I couldn't get a connection with the mobile hotspot at all.  The device sat there between 15 and 30 minutes and wouldn't connect.  I went to the store, which is about 2 miles from home.  I tried to check-in with Yelp on the phone and even that didn't work outside or inside the store.  (They're upgrading the towers for LTE, but if the phone doesn't work well, what's the point?  The Sprint store and Verizon affiliate store are very close to the tower but so are the shopping centers.  At Christmas, I could hardly get any service.)

In the store, I waited and waited, as Saturdays are busy.  When someone talked to me, I tried to be calm.  In the end, he told me to call customer service, and demand that my contract be canceled and that the ETF be credited so that I would pay nothing.

I drove near the Verizon Wireless affiliate, near the tower, so I could hope to make a clear call.  I called and navigated the menu system to "end contract" or some such menu item.  Janelle answered within the 30 seconds that they stated and we did a little dance.

In the end, she ended the contract, credited the account, so that I would pay nothing.  I also had her turn on the Personal Hotspot feature on the phone, so I could at least get e-mail.  She was extremely pleasant and took care of me well.  They've increased the prices for the hotspot add-on.  I think the 6 GB hotspot add-on was $49.99, instead of $29.99 for 5 GB previously, and I selected the 2 GB add-on for $19.99.

I walked into the Verizon Wireless reseller after the call.  They had one beat-up mobile hotspot on display.  When I got to talk to someone, I learned that they only had two others in the store.  I chose the Novatel Wireless device.  I'm trying to be a good American, okay?  The other device was the ZTE (890L?) mobile hotspot I tried in 2012, and I would rather have a newer, less intensive chipset for better battery life, especially since the batteries were half the size (1800 mAh vs 3600 mAh) of the Sierra Wireless unit I'd been using.  I read my initial blog entry and I had problems with that ZTE brand device but lots of firmware changes have probably fixed everything.

About $120 got me out the door, will 2 years of walk-in-trade-in insurance on the device.  $60 for insurance seems okay considering that it would have been $8 per month with Asurion, which would be $192 over 2 years.

Sprint LTE in Trotwood, OH

Verizon LTE in Richmond, IN
When I arrived home, I got connected with the computer.  I got 12.79 Mbps down and 4..25 Mbps up.  Unfortunately, it hasn't worked since then.  It went to do an update and it froze at 48%.  I powered off and powered on, and selected the update and it was downloaded completely, and took a very long time to do the actual update.  It still isn't working for me.  I just checked the tablet again.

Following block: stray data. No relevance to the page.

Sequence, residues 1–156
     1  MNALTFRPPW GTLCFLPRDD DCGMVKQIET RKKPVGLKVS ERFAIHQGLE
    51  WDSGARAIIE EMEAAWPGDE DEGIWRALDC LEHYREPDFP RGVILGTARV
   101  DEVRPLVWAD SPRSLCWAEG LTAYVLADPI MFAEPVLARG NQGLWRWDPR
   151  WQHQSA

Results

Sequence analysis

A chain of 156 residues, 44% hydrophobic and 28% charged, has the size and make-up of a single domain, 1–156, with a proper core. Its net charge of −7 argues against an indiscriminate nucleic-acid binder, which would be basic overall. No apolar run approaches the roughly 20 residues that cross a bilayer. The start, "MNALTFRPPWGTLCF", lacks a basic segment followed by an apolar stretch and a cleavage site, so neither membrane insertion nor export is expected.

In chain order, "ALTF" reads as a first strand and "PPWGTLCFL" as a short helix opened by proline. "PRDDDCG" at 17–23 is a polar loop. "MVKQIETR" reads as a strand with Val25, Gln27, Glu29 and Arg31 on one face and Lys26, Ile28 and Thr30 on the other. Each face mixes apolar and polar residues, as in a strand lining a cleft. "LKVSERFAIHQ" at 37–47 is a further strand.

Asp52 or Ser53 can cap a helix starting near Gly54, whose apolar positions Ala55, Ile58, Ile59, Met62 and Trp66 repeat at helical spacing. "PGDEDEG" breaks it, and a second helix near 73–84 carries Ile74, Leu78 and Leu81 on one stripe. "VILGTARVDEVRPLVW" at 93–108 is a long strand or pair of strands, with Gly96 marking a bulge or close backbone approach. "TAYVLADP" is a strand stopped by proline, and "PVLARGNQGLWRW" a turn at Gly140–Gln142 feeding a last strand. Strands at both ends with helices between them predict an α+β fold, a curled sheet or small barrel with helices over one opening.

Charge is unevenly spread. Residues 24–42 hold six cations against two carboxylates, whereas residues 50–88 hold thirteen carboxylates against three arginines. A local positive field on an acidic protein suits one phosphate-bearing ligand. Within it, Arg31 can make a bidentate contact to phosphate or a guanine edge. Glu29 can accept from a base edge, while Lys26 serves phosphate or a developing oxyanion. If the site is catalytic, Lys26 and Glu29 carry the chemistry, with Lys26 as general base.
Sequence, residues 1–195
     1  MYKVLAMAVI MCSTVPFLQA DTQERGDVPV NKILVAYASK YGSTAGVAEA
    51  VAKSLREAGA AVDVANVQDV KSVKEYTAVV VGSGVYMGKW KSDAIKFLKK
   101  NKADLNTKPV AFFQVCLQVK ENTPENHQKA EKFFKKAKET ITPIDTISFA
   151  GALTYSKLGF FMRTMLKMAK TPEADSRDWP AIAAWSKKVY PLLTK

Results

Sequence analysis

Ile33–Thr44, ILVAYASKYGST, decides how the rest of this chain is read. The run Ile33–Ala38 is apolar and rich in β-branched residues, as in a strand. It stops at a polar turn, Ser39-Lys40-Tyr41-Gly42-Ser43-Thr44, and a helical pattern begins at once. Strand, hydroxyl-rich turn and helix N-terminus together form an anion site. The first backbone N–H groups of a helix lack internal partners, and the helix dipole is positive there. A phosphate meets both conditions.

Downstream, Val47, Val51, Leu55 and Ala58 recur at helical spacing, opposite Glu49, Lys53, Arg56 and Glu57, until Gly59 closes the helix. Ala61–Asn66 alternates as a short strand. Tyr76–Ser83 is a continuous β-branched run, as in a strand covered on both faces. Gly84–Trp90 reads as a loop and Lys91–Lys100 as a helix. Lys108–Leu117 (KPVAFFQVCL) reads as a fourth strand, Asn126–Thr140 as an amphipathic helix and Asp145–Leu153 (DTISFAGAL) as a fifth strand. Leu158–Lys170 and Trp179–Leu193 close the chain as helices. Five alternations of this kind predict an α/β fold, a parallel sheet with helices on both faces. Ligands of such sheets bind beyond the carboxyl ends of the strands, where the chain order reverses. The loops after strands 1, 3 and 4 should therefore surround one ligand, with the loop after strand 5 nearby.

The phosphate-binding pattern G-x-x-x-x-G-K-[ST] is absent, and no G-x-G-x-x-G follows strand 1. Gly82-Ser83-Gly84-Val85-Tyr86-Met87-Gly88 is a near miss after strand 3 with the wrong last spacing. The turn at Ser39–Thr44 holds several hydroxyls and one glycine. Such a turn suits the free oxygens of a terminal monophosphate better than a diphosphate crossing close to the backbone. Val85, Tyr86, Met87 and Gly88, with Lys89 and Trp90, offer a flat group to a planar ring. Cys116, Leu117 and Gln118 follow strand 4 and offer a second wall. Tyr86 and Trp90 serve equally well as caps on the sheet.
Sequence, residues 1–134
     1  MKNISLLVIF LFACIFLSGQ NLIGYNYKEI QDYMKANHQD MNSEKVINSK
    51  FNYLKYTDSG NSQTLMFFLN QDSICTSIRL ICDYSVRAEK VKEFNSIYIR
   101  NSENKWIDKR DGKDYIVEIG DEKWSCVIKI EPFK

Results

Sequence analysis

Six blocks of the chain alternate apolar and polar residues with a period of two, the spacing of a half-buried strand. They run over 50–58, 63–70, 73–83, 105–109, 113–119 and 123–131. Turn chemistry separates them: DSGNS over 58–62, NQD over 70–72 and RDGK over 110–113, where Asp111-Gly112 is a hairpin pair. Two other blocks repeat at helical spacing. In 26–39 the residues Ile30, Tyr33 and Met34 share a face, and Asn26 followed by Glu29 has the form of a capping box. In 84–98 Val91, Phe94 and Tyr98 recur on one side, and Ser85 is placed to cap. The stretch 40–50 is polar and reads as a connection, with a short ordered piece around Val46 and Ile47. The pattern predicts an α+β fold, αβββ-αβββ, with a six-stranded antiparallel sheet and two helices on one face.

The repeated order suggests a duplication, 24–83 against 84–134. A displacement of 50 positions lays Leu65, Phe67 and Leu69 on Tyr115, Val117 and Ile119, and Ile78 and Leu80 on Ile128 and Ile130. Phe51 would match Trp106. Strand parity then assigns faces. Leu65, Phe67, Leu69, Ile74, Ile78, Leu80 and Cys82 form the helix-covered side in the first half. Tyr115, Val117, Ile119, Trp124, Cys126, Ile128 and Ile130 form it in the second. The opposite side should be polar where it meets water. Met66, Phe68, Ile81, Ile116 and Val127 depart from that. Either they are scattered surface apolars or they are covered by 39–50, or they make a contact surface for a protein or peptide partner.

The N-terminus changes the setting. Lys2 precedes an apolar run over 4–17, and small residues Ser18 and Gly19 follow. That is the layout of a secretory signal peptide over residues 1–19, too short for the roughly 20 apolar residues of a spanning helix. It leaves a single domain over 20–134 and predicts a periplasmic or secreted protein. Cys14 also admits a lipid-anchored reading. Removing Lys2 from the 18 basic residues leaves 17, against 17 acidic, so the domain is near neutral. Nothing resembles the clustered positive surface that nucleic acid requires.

Thankfully, while I was terminating the Sprint mobile hotspot, I had the representative enable the Personal Hotspot feature and that is working exceptionally well, as I would expect the connection to be.  Unfortunately, their add-on prices were enormous and I only went to 2 GB, Sprint overhead and all.  It's an emergency substitute and of course, when the Verizon mobile hotspot is close on data.  Verizon charges $10 for an extra Gigabyte which seemed very reasonable, as Sprint has been a pain for overages, not that I've had any for a long time, but they really promote you going with a heavy plan.

So, now, back to the Verizon store to see what the !@#$ problem is.

Who knows?  I took my laptop computer, my 2013 Nexus 7 tablet, and the MiFi mobile hotspot.  Everything worked perfectly in the store and here at home now.  I hope there are no further problems.

It's still fine, although it hasn't been quite as fast.  I suspect that as the evening progressed, more people headed to this side of town where more restaurants and shopping exist.  When the winter storm hits, I would imagine speeds will be increased--or not decreased as much as when things are busy.

I also returned to the Sprint store to tell them how much better the iPhone 5c handled hotspot duties than the dedicated hotspot device.  Isn't that sad that the device wasn't better?  They were surprised also.

Update 2014.03.02: The lack of the Tri-Fi hotspot seems to have left the iPhone 5c in a better state of communication.  It seems to be faster and smoother in communication with the towers.  Could the Tri-Fi have been interfering with this (and the previous iPhone 4s) phone over 1.5 years?   That's just scary that one device could be so disruptive, especially since it was meant to be so helpful by granting access to three different topologies/technologies.

3 full days
1 full week

Update 2014.03.04: As I wondered back in 2012, I wonder if Verizon cheats on their usage numbers.  It has been 3 full days, and I've already used over 1 GB (20%) without any video.   I've always felt that Sprint charges me for their overhead, as well as my traffic, but this seems ridiculous.  I didn't check to see how much the firmware update cost me, but I'm sure they didn't do that for free.

I tried to write a review of the Tri-Fi mobile hotspot and I was careful to only use the truth, but Sprint don't approve of service-related talk.  How can you discuss an item's connectivity without touching on how well it connects?

Update 2014.03.29: Thankfully, the Novatel Wireless MiFi-5510L has performed well.  Its touch-capable buttons are not very responsive, but what counts is the connectivity between the computer, tablet, and the internet.  That works.  Even the iPhone 5c as a mobile hotspot is quite good, though it can be stubborn connecting to the computer, another Apple product, at times.

I extended the Verizon plan to 10 GB, and at the switchover on the 21st, instead of saving 10 GB, it gave an odd, seemingly-unrelated number.  I checked earlier and it was just over 9 GB, even though it had several days away.  It is now completely off and disconnected.  Verizon's $10 per 1 GB isn't so much but I'd rather not use it since I also have the phone for overages, and for those trips where I forget the mobile hotspot device.  That gives me the original 12 GB I had on Sprint, but with two devices which hopefully will not be down at the same time.  Since Sprint didn't discount anything, I expect the cost to be about the same.

Sprint is testing the waters with LTE in town, so the phone seems to be much better even on 3G/EVDO.  At some point in the next few days, LTE will supposedly be deployed on Sprint towers.